[PRC] A developmental approach to analysis of genetic data in population science: How DNA sequence variation shapes health, social, and economic outcomes across the human life course

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Date and Time: 
Wednesday, April 6, 2016
12:00 pm – 1:00 pm
Dan Belsky
Duke University School of Medicine and the Social Science Research Institute and Jacobs Foundation Research Fellow (2016-2018)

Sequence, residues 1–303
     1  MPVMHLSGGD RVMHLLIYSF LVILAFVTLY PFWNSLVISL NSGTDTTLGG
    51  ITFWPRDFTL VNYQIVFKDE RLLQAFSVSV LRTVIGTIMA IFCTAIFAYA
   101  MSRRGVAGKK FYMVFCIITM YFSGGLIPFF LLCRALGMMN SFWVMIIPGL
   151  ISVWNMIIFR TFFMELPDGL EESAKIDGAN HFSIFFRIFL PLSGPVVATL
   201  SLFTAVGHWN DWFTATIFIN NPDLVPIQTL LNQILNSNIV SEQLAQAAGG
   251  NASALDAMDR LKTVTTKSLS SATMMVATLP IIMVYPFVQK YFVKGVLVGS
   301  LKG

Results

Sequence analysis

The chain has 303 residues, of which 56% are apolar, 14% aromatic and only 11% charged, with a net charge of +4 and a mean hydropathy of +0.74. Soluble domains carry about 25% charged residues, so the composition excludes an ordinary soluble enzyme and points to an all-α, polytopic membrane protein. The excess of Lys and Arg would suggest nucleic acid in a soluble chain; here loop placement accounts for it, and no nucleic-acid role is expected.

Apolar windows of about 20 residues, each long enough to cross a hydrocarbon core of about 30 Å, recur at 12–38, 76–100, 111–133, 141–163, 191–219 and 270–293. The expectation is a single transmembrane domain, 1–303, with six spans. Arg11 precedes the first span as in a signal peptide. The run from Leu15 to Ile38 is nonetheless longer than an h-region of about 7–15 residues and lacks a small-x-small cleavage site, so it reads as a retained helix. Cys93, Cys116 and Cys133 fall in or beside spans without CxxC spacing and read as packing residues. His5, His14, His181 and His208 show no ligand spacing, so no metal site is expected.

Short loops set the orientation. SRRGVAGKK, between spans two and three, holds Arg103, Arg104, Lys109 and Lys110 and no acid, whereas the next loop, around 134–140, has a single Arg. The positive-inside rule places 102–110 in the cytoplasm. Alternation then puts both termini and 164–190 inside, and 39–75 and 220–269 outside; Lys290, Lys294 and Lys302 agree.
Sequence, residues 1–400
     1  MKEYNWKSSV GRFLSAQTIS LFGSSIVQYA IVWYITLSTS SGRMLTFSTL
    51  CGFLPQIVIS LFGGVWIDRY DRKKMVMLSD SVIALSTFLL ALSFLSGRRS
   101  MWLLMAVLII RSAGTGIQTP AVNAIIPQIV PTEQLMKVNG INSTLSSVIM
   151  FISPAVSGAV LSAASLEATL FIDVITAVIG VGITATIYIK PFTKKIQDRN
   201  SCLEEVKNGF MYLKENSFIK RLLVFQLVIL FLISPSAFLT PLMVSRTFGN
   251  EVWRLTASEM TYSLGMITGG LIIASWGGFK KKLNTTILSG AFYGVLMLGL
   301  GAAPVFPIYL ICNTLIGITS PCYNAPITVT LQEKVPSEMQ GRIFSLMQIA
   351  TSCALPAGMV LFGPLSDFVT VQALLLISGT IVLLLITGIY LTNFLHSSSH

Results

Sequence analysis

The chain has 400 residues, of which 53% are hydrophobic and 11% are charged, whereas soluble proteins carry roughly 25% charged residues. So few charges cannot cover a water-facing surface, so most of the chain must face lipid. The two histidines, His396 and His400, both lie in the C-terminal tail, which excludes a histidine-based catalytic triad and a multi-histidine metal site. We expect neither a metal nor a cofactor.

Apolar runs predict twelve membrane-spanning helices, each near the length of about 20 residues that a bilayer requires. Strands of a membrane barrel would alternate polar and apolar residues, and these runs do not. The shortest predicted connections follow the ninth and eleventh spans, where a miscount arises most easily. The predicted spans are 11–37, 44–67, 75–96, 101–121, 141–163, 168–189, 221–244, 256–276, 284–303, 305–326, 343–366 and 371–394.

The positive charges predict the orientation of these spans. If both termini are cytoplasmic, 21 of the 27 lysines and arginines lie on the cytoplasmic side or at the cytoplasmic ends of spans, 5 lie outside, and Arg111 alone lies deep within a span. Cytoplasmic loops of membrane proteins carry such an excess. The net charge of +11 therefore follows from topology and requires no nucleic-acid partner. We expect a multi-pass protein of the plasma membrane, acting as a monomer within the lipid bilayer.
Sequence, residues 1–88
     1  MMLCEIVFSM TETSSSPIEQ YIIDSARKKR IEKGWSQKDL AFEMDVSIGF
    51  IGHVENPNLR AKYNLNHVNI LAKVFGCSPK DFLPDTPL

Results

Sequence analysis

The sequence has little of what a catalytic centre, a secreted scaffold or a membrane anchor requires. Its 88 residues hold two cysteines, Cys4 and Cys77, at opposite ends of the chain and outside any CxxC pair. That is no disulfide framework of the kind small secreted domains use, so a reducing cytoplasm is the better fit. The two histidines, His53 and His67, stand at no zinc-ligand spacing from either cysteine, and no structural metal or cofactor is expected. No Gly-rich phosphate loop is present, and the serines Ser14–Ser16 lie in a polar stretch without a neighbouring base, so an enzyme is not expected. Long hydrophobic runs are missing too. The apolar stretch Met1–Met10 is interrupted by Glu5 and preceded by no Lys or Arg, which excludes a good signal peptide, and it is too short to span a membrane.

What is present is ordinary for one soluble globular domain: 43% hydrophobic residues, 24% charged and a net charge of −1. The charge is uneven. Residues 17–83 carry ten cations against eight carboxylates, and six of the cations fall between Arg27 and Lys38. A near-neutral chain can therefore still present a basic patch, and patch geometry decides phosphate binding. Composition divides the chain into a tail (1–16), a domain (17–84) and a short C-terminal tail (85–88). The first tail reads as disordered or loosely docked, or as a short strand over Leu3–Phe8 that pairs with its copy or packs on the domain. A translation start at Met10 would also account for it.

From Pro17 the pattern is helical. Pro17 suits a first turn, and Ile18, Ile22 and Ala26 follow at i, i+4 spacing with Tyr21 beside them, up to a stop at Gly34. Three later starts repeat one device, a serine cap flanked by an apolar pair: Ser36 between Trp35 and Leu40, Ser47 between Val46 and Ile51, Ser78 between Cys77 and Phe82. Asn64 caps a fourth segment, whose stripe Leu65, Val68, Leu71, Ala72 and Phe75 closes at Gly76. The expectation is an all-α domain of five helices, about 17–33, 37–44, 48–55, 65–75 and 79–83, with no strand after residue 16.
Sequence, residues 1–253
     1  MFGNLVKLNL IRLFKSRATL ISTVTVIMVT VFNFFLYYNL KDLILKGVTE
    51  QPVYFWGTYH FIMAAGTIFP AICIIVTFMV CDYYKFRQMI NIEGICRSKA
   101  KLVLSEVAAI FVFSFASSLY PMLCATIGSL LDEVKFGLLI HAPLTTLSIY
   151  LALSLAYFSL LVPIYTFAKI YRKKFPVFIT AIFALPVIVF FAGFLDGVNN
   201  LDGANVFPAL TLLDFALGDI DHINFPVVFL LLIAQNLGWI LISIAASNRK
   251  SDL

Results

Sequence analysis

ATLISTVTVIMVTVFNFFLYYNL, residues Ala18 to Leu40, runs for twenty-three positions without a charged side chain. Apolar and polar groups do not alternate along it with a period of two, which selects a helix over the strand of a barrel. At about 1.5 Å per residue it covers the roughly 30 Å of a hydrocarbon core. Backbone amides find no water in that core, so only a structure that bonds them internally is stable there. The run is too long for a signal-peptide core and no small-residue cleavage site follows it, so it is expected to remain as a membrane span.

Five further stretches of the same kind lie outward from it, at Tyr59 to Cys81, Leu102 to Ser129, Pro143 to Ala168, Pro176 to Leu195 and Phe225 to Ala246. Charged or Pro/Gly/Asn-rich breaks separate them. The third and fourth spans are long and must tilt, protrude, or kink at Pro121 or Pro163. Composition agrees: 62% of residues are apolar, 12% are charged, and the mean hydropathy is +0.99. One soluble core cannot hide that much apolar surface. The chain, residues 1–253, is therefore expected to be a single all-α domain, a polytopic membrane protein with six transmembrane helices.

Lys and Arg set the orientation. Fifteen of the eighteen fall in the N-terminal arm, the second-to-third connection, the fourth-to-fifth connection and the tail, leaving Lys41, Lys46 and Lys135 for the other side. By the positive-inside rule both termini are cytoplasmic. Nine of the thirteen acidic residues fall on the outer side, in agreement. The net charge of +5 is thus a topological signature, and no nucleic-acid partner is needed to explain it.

Genome-wide SNP genotyping in longitudinal cohort studies provides new opportunities for population science. This talk makes the case for using these new genetic data together with polygenic score methods to conduct developmental analyses that test pathways of genetic influence. Pathways in this context means the chain of events, behaviors, and phenotypes that connect DNA sequence variation with health, social, and economic endpoints. The goal of this developmental pathway approach is to identify targets for social policy and behavioral therapy interventions. The talk will review applications of the developmental pathway approach in research on smoking, obesity, and asthma, and present new findings based on results from GWAS of educational attainment. Data come from clinical exam, administrative, survey, and testing data that track a cohort of 1,037 children born in Dunedin, New Zealand in 1972-73 through midlife. In brief, new findings trace a pattern of genetic influence on cognitive and social development that emerges in early language acquisition, continues through accelerated mental development, more successful educational careers, patterns of migration and mating, and ultimately social mobility and economic attainment. Cognitive and non-cognitive skills mediate links between DNA sequence and midlife socioeconomic success. Implications for population science, public policy, and public engagement with genomics will be discussed.